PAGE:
Structure and conduct of medicinal plants supply chain in Kwara State

Journal of Medicinal Plants for Economic Development

Field Value
Title Structure and conduct of medicinal plants supply chain in Kwara State
Creator Adewumi, Matthew O. Akinsola, Grace O. Olawoye, Olaide O.
Subject Agriculture; Economics; Development medicinal plants; market structure; supply chain; herbal medicine; Kwara State; Nigeria
Description Background: There has been paucity of data on medicinal plants supply chain in Kwara State. The development of medicinal plants supply chain is a vital tool to ensure affordability and accessibility of medicinal plants to the herbal medicine producers.Aim: This study examined the supply chain, structure, conduct and performance of medicinal plants in Kwara State.Setting: Respondents data were drawn from the various sections of the herbal plants supply chain in Kwara State.Methods: Descriptive statistics, concentration ratio, coefficient of variation, cost and returns analysis and Likert type scale were used for data analysis. Data collection was through interview schedule and structured questionnaire. Purposive and snowball sampling techniques were used to draw a sample of 128 respondents.Results: The results revealed that the supply chain upstream was informal, and the chain is dominated by middle aged people. Four stages that existed on the supply chain included gatherers, farmers, herbal medicine producers and the final consumers. The highest supply source, which cut across all the actors in supply chain, was through gathering. This was followed by farmers. The least supply source was through importation. Farmers, gatherers and medicinal plant traders have non-concentrated market (0.07, 0.02 and 0.09), while Herbal Medicine (HM) producers had a moderately concentrated market (0.23). Binding prices, price regulation and barrier to entry and exit were inconspicuous. In general, the chain was adjudged to operate a fairly free market system. The enterprises were profitable with an average gross margin ratio of 0.76 for gatherers, 0.58 for farmers, 0.48 for traders and 0.46 for HM producers.Conclusion: The study examined the structure and conduct of the medicinal plants chain in the study area, and the chain was adjudged to operate a fairly free market system.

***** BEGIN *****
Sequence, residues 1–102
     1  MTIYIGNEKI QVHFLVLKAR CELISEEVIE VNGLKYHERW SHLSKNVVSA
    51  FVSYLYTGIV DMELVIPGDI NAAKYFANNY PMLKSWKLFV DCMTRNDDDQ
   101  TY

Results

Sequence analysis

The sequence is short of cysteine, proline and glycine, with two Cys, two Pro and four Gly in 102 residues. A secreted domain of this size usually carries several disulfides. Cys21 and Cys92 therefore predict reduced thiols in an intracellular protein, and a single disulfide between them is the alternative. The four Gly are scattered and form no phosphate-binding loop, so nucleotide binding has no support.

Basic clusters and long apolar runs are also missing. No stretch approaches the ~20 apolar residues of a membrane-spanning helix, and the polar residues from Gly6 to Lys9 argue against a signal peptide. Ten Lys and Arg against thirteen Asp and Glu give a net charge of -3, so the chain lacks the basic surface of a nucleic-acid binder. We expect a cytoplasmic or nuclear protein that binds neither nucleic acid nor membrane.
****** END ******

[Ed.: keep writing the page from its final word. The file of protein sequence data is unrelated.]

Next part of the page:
Publisher AOSIS Publishing
Date 2020-10-22
Type info:eu-repo/semantics/article info:eu-repo/semantics/publishedVersion — Survey
Format text/html application/epub+zip text/xml application/pdf
Identifier 10.4102/jomped.v4i1.93
Source Journal of Medicinal Plants for Economic Development; Vol 4, No 1 (2020); 9 pages 2616-4809 2519-559X
Language eng
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Coverage Africa July 2019-February 2020 Medicinal and Aromatic Value Chain
Rights Copyright (c) 2020 Matthew O. Adewumi, Grace O. Akinsola, Olaide O. Olawoye